But can heavy trams safely travel over a water buffer system that, by definition, consists almost entirely of a hollow space? That was the question facing the project team of the municipality of Amsterdam, Waternet and KWS. The municipality has used Rockflow infiltration systems on other projects in the past, and wanted to apply the principle here as well. "In previous projects, we chose Rockflow because of the flexibility of the system when you have to work around cables, pipes or other underground obstacles. The issue here was not cables and pipes under the tramway, but the load capacity and absorption volume. We don’t know much about water storage in general, let alone product-specific details. That's why we took advice from Rockflow when creating the design and describing it in the scope."

“The most important part is that you don't notice it’s there"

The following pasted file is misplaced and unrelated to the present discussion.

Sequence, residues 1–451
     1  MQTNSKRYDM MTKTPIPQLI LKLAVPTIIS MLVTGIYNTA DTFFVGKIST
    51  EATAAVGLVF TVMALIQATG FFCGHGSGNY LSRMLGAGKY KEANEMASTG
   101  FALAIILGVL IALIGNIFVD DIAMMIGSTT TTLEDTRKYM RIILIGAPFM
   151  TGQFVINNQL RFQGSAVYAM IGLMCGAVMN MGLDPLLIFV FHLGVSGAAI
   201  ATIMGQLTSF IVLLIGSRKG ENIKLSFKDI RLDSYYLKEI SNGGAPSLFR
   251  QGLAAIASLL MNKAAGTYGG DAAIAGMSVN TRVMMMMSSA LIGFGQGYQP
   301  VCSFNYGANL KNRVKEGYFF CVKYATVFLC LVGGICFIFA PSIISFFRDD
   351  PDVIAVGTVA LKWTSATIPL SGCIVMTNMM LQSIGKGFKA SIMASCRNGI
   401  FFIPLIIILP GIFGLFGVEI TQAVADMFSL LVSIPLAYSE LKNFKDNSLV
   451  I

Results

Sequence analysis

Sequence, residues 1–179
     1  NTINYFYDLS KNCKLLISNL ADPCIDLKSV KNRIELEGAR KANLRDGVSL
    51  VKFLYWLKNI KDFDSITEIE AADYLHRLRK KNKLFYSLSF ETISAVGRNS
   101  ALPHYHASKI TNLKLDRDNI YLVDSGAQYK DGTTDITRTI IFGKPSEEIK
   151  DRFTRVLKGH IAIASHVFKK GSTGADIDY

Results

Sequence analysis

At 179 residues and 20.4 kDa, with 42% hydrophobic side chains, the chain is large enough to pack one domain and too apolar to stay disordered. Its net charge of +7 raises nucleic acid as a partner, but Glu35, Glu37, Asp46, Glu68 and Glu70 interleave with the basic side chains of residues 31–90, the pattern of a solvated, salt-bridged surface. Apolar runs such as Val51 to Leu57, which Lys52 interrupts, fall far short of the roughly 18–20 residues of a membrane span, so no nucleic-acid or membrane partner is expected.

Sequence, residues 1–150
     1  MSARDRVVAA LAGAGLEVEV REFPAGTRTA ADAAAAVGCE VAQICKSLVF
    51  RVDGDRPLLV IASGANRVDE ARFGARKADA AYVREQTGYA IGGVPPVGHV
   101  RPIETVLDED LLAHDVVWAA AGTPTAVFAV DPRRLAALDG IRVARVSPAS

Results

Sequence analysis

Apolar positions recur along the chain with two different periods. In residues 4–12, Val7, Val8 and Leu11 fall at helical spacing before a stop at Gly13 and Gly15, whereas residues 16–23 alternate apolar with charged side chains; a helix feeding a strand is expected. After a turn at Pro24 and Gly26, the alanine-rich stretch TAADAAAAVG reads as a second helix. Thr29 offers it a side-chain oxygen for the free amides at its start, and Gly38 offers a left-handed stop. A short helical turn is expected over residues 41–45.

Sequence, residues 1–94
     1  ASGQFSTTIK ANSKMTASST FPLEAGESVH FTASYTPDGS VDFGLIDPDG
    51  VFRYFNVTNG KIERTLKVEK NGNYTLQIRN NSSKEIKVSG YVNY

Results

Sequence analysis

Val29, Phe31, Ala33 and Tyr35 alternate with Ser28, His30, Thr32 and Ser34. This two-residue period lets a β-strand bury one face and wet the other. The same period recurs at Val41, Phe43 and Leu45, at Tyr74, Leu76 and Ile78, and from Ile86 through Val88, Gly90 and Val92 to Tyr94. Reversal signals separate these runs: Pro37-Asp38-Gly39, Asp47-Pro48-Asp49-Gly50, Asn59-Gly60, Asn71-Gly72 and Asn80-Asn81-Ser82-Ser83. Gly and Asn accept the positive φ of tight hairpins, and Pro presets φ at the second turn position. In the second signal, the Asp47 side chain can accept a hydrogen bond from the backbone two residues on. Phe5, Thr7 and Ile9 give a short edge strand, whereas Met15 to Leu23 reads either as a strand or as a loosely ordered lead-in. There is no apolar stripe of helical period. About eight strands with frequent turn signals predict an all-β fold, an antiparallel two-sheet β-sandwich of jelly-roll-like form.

Janneke Tax, Tram Asset Manager of the GVB, the public transport operator for Amsterdam: "We were asked to agree to the construction of a water storage area under the tramway. This is a deviation from the standard requirements, whereby an enquiry is reviewed based on various criteria, such as maintenance costs, expected impact on passengers and in this case, of course, the load-bearing capacity of the system with respect to rail buckling. The rail buckling was calculated in two scenarios and in both cases little to no difference is expected compared to the normal situation. And, the most important issue for us, is that we don't notice it’s there."